Season for Surrender - Theresa Romain 3.5 out of 5 StarsAccepting a bet from his cousin, Alexander Edgware, Lord Xavier invites shy proper bluestocking, Louisa Oliver, to his annual scandalous two week Christmas house party. To win the bet, Louisa must stay the full two weeks and not run off horrified. However, Louisa may not be as shy as she appears. In fact, Alex may be the one surprised by his own guest.This was a very cute sweet story with two likeable leads, interesting secondary characters, and witty dialogue. I loved the theme of people being not what they seem. Masks and personas can be suffocating and trap an individual into behavioral patterns, but it’s Alex’s and Louisa’s personas that bring these two outwardly different people together. Alex isn’t the notorious rake everyone thinks he is and Louisa is hardly a wilting flower. In fact, Louisa is the one who initiates seduction and leads their “encounters” and Alex is the one left reeling. However, I never really bought Louisa as shy. She is a bit Mary Sue-ish in that she had no real faults. This is the second book in a series and the protagonists appear in the first book in the series. While it’s not necessary to read the first book, I did feel as if, having not read the first, I might have missed some character development. The plot of this book and the set up from the last book are a bit at odds and the resolution of a problem from the previous book was resolved too quickly. Also, the villain became more and more mustache-twirly and silly as the book progressed, but that’s more of a genre problem. I felt the villain had depth and could have been interesting, so I was disappointed the author went the ‘silly over-the-top’ route.The house party was full of colorful characters and historical details about how Christmas was celebrated in Regency England. While the Christmas party was the backdrop, there was nothing overtly religious or sentimental about the book. Christmas is more of the setting, not the theme of the book.Even though characters were a bit uneven, the real strength of the book lay in the emotional journey and developing relationship of the protagonists. Their relationship is witty, sweet, and poignant. Season for Surrender is a very enjoyable novel and I’ll be looking out for more by this author.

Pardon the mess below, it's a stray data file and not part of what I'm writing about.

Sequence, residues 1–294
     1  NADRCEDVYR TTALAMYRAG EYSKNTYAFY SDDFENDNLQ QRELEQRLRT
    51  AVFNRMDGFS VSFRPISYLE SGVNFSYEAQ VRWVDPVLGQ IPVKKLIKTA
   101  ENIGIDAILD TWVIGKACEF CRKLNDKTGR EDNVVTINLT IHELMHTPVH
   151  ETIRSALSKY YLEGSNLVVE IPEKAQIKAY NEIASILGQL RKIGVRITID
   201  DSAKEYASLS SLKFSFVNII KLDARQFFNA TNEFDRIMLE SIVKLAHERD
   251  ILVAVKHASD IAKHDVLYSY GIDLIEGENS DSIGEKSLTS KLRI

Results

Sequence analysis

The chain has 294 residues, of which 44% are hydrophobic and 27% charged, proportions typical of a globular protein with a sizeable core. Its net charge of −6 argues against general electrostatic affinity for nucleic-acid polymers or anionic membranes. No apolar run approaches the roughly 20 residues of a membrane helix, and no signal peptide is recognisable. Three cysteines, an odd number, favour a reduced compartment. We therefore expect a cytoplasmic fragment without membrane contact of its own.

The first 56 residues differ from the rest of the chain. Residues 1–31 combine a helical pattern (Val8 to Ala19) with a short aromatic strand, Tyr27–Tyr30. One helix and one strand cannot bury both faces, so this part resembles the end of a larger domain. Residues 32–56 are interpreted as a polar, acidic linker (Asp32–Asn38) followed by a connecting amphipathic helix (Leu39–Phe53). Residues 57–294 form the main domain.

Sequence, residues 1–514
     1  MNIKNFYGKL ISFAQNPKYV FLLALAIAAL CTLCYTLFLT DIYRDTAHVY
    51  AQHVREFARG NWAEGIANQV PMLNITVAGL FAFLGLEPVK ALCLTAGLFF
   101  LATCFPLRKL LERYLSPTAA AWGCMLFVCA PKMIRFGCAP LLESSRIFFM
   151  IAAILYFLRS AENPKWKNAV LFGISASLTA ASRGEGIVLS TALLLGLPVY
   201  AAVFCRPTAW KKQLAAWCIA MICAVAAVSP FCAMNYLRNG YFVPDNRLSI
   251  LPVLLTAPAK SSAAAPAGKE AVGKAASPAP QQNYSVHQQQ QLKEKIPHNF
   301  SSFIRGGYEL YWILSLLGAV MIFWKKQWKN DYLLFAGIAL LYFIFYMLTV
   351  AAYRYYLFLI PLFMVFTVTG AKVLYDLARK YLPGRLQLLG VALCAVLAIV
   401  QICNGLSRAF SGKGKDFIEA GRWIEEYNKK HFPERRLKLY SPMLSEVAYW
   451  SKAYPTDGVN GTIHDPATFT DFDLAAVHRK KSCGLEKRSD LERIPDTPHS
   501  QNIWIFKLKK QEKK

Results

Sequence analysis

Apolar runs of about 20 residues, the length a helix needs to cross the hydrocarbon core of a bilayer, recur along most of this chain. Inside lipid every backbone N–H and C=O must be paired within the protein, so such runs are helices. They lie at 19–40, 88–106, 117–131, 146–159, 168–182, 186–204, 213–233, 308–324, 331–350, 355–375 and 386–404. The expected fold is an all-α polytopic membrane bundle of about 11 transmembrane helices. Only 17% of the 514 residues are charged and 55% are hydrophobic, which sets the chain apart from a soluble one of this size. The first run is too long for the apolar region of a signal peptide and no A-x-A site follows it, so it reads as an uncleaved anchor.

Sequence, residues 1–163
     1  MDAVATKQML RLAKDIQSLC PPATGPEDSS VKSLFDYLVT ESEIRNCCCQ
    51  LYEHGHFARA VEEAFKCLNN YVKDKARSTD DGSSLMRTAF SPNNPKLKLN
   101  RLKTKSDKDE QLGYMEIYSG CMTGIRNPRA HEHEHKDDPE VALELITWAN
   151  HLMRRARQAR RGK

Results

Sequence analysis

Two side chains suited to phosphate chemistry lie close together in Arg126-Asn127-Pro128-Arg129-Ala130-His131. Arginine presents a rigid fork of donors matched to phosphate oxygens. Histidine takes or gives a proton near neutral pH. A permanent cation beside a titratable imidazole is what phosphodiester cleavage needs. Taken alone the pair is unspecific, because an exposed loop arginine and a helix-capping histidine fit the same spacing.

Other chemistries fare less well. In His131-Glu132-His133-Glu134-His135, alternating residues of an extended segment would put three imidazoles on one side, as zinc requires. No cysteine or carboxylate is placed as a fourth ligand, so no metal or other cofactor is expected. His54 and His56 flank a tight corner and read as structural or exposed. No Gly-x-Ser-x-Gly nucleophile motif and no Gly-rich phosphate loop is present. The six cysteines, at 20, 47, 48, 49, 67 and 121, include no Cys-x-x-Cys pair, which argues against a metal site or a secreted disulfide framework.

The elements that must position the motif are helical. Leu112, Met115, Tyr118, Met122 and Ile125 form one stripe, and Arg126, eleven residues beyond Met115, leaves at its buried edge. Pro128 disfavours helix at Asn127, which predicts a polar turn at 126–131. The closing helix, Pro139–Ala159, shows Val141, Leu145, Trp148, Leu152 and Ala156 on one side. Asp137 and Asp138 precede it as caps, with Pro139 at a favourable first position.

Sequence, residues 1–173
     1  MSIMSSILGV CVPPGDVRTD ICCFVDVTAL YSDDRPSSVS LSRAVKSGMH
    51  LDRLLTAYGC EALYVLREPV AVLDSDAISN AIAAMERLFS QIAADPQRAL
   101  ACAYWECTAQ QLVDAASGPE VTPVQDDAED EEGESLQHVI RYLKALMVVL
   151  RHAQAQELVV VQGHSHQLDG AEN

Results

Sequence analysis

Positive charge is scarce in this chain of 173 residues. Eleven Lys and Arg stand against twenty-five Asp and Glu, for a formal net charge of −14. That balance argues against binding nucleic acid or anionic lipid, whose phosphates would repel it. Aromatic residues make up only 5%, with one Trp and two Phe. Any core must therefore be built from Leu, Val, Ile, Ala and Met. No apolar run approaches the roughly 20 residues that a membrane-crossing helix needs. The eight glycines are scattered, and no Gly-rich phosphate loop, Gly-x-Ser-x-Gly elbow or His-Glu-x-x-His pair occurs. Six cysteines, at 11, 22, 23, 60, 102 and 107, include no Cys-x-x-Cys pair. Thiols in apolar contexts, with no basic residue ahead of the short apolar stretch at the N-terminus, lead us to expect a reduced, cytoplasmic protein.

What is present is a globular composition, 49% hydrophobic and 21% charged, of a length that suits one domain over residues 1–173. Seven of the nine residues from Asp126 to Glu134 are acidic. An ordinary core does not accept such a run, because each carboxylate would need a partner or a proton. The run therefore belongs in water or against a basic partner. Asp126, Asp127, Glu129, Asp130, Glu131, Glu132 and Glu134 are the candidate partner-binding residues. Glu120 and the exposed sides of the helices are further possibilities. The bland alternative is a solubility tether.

Morning Glories, Vol. 1: For a Better Future - Joe Eisma, Nick Spencer, Rodin Esquejo 2.5 out of 5 StarsSix teenagers are the newest recruits to the prestigious Morning Glory Academy, but as soon as they arrive, strange things begin to happen. None of their parents remember who they are. All of them share the same birthday. Slowly they realize that they are prisoners at the school and being used for some unknown purpose. While the kids try to survive the tests put before them, they unknowingly play into the faculty’s plans.This review is probably not the best because this book wasn’t exactly what I had expected. I thought this was more of a psychological thriller, but what I got was something much…weirder. The psychological stuff is there, but the mysterious happenings are much more in your face and everything is very over-the-top. I expected things to be subtler. In the first issue, the kids already know something strange is going on. By the second issue, they already know that they are prisoners and that their lives are in danger. I had hoped for a slower, more suspenseful build-up. Nothing seems to fit together coherently, but just seems to be weird for the sake of being weird. It’s too much and too over-the-top for me.This doesn’t mean the story is bad by any means. There are some clever moments. The characters are interesting enough (although each seem to fall into types – The Perfect Girl, The Nerdy Boy (who’s more of an author/(assumed male) reader surrogate – his nerdiness stems more from the 80’s, not the 10’s and is therefore unlike any modern teenage nerd), The ‘Slutty’ Girl, The Rich Boy, The Basketcase, The Strong/Silent Type. None of them are easily relatable, but you do root for them. Only time will tell if any of these characters grow to be more than their stereotype.Eisma’s art is alright. Things can seem goofy and disproportionate at times, but it fits with the slight horror vibe of the comic. It’s disappointing in comparison to Esquejo’s beautiful cover work.The story is interesting and I’ll read the second volume, but I found myself disappointed. It’s hard to tell if it’s from incorrect expectations or something inadequate within the narrative itself. Morning Glories is definitely a strange book and lacks no points for creativity. However, there may be too much creativity to the detriment of the story.